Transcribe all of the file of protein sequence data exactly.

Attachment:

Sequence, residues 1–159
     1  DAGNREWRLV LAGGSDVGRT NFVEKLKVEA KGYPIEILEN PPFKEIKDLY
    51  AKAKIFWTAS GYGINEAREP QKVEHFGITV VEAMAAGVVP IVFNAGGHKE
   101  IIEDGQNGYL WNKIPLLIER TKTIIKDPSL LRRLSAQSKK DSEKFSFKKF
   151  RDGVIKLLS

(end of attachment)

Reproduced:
Sequence, residues 1–159
     1  DAGNREWRLV LAGGSDVGRT NFVEKLKVEA KGYPIEILEN PPFKEIKDLY
    51  AKAKIFWTAS GYGINEAREP QKVEHFGITV VEAMAAGVVP IVFNAGGHKE
   101  IIEDGQNGYL WNKIPLLIER TKTIIKDPSL LRRLSAQSKK DSEKFSFKKF
   151  RDGVIKLLS